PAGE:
I’m not even sure I want to dissuade them. As I say, they’ve been a mite troublesome as clients. And Rosie won’t be injured by their decision. She’ll just — maybe — develop a little differently, not get to develop/explore a potential strength. Maybe.
Preschool to ‘get her ready’ for Junior — JUNIOR! — Kindergarten?
Today is my last day of work until the New Year!! (Can you hear the whoops of celebration from there?)
Today is my last day of work, and two of my three families are already gone on holiday!!
Today is my last day of work … and on Friday, when Daniel’s dad found out his were the only kids coming, he apologized. With energy and remorse. Of course, I was all professional and “No, no! I’m open for business, and you have to work! Don’t worry about it.” And then he was all, “Oh, but no, you almost have a day off! I feel bad!” We chatted a bit more about the kids’ day, and then he was off. “We’ll have to see what we can do about Monday!” were his parting words.
Because most families wouldn’t be back on Monday, I give the parents their children’s gifts from me at home time. I send them home so the parents get the pleasure of seeing their children open the gifts Christmas morning. In so doing, I am depriving myself of seeing them open my gifts, true, but I’m being considerate here. The family Christmas is the most important thing.
Friday after work, 15 minutes after Rosie’s departure, Wonderful Husband and I walk to the pharmacy on the corner, passing Rosie’s dad, out playing in his drive with Rosie and Rory. (I’d sent a gift home for Rory, too, even though he’s no longer in my care. Rory comes bombing over to see me.)
“Thanks for the flashlight!!” he says. “I can make it go really bright!”
He’d opened it already? “Oh, yes,” says dad. “We like to spread the gifts out a bit. They can get overwhelmed on Christmas morning.”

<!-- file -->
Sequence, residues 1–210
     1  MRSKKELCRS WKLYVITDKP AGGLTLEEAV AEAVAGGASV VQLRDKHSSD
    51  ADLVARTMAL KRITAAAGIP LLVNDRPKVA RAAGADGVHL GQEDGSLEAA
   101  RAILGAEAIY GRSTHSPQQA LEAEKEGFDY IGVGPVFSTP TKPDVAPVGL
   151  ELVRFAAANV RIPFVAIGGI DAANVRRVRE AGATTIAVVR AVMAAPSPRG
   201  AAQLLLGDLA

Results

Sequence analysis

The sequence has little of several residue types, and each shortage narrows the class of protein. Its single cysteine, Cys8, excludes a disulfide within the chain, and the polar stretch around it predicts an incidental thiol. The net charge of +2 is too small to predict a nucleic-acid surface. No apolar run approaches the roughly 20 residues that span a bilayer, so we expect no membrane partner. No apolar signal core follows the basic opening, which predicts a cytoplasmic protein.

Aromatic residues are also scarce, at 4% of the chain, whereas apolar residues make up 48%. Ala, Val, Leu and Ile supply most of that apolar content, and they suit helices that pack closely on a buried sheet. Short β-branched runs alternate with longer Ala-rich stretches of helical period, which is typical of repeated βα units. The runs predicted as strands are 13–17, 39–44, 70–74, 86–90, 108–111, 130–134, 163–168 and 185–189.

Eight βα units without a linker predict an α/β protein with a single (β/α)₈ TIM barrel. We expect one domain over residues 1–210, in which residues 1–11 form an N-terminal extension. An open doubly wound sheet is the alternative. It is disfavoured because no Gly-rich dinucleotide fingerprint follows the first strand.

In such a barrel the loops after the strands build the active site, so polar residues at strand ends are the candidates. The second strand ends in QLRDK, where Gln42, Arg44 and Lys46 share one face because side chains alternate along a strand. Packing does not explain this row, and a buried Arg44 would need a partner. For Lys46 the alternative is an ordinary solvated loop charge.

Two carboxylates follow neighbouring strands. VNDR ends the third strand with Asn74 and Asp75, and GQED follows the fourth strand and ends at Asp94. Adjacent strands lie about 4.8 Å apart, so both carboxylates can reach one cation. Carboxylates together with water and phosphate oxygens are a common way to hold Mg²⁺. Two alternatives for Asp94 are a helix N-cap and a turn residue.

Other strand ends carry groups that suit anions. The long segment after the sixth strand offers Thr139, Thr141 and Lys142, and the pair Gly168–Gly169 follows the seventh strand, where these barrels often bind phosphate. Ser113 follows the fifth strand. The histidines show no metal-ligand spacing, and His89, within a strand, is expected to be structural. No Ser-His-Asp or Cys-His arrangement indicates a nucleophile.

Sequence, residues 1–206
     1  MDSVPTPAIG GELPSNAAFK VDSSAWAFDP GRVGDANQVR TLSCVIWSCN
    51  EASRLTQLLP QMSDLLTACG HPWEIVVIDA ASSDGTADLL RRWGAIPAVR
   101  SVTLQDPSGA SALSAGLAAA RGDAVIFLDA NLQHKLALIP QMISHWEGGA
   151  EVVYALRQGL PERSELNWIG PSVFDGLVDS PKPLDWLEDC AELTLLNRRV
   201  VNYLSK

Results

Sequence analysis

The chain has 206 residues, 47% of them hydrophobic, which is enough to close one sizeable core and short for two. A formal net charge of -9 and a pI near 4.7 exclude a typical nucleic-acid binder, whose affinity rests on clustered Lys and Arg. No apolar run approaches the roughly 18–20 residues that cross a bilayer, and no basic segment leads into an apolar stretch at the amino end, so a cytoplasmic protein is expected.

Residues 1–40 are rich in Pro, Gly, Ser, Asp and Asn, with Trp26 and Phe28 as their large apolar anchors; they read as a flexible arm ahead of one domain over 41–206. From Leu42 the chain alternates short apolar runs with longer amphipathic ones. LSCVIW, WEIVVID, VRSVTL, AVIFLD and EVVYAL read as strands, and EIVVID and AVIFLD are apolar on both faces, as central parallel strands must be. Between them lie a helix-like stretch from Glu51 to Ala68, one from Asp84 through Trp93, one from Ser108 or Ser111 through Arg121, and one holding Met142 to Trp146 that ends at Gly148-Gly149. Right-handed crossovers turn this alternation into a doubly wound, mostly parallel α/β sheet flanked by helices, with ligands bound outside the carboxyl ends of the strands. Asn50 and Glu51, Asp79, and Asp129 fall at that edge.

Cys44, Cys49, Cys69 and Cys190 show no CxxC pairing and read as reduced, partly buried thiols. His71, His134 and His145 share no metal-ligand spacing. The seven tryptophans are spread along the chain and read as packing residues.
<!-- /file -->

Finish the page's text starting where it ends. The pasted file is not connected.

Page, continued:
Blink, blink. Fifteen minutes? They’d opened their gifts within 15 minutes of leaving my house.
You know, he’s quite right. Little kids can be overwhelmed by the enormity of Christmas. Opening the odds-and-ends gifts from neighbours and friends — and caregivers! — when they arrive makes good sense.
If that’s the case, don’t you think it would have made even more good sense to let her open it RIGHT THERE IN MY HOME so I could see her???
The weekend proceeds. I do some last-minute dashing about, go to a Christmas party, decorate our tree. (Very late for us.) The weekend proceeds … without a phone call from Daniel’s parents about Monday morning. So I assume I’m working today.
Opening time… no Daniel.
8:00… no Daniel.
8:30… no Daniel.
No phone call, either.
9:00… I check my answering machine. Did I miss a message? No.
9:15… Okay, they’re toying with me. This is just cruel. (My rule is, if you’re going to arrive after 9, give me a call so I can accommodate it, since we generally head out at nine for our outing.)
9:27… Can it be true? Am I getting a freebie, unexpected, extra Christmas gift of a day off? I won’t believe it, I tell myself, beating down the hope, until after 9:30.
9:30… no Daniel… I’m still hesitant to believe it, but hope is rising!
Ads. Internet ads. There’s no avoiding them. They’re in your gmail account, they’re on Facebook, they’re at the top and sides of almost every page out there. For the most part, I ignore them without difficulty.
Except for the ones that bounce and flash and jiggle. Lordy, they’re annoying. You can’t ignore those ones, but who in their right mind would reward those morons by clicking that link, or, worse, purchasing the product? Ugh. Mostly, I leave that page immediately. (Hear that, Internet ad-purchasers? Those jiggly, flashing, bouncing ads DRIVE ME FROM THE PAGE!) If I must stay on that page, I usually put a sticky note on my monitor to block them out.
So, those are annoying. But the ones — it’s a genre, I guess — that have been irking me lately are the ones that promise to tell you THE ONE SECRET YOUR DOCTOR DOESN’T WANT YOU TO KNOW!!!
Because your doctor, you know, keeps secrets from you. Secrets that, so it’s implied, could improve your health. Your doctor, see, even though she’s a health-care provider, a person who studied bodies and health and how to make/keep people well for the better part of a decade … she really, in her secret heart of hearts, wants you to be sick.
It’s part of a massive medical conspiracy!!!
Like, the average eating and exercise habits of the average North American are not enough to keep a doctor busy for the rest of her natural life. Like, the regular routine bumps and bruises, accidents and disease that befall all of humanity are not sufficient fodder for her talents.